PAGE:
Magnesium Goes Mobile: New Energy Storage Tech Threatens Lithium-Ion Dominance

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One battery to rule them all: when it comes to energy storage technology, it’s hard to beat lithium-ion. However, the rise of wind and solar has brought forth new motivation to develop new batteries that offer higher energy density at lower cost, and it looks like magnesium is in the running.

In the latest magnesium energy storage development, researchers at Lawrence Berkeley National Laboratory and Argonne National Laboratory have teamed up with MIT to demonstrate, for the first time ever, the potential for magnesium mobility in a battery.

The Magnesium Energy Storage Problem…

Magnesium offers two potential advantages over lithium-ion, on cost and electrical current. That’s because magnesium (Mg) is a multivalent ion, as Berkeley Lab explains:

Whereas a Li-ion with a charge of +1 provides only a single electron for an electrical current, a Mg-ion has a charge of +2, which means Mg-ions, in principle, can provide twice the electrical current of Li-ions if present with the same density.

So, what’s the problem? In the energy storage field there ain’t no such thing as a free lunch:

The catch for multivalent ions is that their increased charge draws more attention to them — they become surrounded in the battery’s electrolyte by other oppositely charged ions and solvent molecules — which can slow down their motion and create energetic penalties to exiting the electrolyte for the electrodes…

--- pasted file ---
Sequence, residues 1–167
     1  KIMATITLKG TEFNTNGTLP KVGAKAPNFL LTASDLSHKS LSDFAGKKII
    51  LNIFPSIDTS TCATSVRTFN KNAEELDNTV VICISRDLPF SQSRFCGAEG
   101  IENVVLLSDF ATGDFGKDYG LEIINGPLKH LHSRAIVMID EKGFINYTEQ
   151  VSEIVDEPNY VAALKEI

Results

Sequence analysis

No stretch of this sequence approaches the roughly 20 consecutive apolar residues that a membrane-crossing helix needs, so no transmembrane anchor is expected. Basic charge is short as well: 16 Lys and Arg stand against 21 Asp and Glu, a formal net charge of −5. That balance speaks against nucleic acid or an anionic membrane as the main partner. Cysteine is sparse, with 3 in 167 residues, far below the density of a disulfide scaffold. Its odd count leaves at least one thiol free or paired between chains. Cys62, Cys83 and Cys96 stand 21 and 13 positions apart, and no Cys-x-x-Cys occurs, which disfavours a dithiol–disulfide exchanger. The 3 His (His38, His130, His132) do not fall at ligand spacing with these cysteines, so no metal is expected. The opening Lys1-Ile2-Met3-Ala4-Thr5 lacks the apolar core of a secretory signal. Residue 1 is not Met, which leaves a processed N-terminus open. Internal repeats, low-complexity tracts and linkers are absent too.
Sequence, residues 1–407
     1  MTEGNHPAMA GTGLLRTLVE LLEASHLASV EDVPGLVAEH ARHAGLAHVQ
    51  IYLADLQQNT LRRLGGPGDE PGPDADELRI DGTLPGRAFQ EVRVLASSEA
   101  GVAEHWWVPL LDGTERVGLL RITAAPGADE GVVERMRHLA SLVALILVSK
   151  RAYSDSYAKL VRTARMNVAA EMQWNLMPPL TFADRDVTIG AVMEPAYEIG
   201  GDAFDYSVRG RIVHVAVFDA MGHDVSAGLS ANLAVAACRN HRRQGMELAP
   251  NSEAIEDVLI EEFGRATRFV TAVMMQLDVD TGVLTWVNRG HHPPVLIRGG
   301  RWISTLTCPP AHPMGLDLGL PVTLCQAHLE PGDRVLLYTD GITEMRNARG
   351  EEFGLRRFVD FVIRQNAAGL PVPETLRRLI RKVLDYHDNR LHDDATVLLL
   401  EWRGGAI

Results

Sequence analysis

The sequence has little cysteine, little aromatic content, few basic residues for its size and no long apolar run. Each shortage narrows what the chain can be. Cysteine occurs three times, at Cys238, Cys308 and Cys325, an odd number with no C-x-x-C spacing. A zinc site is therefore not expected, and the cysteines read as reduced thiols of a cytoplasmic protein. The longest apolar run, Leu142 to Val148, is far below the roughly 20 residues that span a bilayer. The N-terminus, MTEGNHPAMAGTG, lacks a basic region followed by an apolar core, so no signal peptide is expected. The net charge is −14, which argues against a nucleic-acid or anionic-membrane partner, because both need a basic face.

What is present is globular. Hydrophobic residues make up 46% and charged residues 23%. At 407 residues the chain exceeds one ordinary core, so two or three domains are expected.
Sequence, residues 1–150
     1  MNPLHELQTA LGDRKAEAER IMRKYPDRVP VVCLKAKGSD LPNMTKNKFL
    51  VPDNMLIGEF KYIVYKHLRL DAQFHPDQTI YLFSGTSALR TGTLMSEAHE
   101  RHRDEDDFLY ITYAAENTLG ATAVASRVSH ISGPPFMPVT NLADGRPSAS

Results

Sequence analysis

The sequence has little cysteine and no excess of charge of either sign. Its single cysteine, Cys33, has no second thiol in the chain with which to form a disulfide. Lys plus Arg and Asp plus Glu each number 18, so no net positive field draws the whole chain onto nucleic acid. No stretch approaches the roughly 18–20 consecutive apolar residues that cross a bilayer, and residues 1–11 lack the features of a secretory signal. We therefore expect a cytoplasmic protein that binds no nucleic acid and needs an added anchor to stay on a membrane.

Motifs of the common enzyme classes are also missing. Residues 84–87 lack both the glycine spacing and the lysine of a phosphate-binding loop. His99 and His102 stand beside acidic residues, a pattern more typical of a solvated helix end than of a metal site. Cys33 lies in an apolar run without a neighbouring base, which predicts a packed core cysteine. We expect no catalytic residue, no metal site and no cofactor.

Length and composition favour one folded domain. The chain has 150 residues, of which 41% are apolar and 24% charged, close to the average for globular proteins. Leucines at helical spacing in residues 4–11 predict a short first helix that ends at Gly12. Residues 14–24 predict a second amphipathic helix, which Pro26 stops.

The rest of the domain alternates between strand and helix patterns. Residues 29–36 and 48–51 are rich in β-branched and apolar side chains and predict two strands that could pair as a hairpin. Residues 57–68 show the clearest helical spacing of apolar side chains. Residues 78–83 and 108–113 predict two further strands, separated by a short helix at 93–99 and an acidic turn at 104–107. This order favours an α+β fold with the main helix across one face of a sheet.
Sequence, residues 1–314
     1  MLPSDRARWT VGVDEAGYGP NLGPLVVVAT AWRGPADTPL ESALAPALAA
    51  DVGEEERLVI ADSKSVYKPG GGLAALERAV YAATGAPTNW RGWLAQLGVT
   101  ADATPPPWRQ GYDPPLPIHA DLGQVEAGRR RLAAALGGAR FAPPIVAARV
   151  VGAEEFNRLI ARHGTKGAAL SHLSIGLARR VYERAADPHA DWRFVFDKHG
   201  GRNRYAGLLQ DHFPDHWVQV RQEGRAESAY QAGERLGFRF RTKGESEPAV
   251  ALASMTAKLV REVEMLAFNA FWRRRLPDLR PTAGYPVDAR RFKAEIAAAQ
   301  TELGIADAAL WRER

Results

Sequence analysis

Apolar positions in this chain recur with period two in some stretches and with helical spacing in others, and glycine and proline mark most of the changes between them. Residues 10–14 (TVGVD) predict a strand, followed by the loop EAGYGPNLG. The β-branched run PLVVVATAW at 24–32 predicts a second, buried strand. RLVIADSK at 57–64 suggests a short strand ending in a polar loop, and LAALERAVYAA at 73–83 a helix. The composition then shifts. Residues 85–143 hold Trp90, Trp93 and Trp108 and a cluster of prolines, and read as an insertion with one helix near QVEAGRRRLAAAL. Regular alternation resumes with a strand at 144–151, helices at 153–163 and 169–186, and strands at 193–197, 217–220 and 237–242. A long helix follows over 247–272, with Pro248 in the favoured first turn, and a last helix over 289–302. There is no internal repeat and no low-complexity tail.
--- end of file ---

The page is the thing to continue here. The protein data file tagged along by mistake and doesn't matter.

…And The Solution

Got all that? The basic problem is that the liquid electrolyte in a Mg-ion battery tends to corrode other elements in the system.

The good news is that Mg-ion technology is so new that researchers haven’t reached the end of the rope yet. In fact, the new study gives the boot to liquid electrolyte altogether and goes straight to cutting edge solid state energy storage technology.

That’s quite a leap of faith, considering that the conventional science indicates that magnesium moves sl-o-w-ly through most solids.

You can get all the details from Nature Communications under the title, “High magnesium mobility in ternary spinel chalcogenides.”

For those of you on the go, the research team developed a whole new class of solid conductors and settled on magnesium scandium selenide spinel, which performs about as well as a lithium-ion battery solid state electrolyte.

The collaborative research effort pulled together resources at Berkeley Lab with additional computer resources from MIT. Researchers at Argonne documented the structure and function of the new material using nuclear magnetic resonance spectroscopy (NMR).

If you’ve ever had an MRI, NMR is kind of the same but the equipment can be “tuned” to detect other elements aside from hydrogen.

The NMR part of the new study essentially confirmed the “fast magnesium hopping” theory behind the new energy storage material. Co-Author Baris Key of Argonne credits the collaborative resources of JCESR (the Joint Center for Energy Storage Research) with the achievement: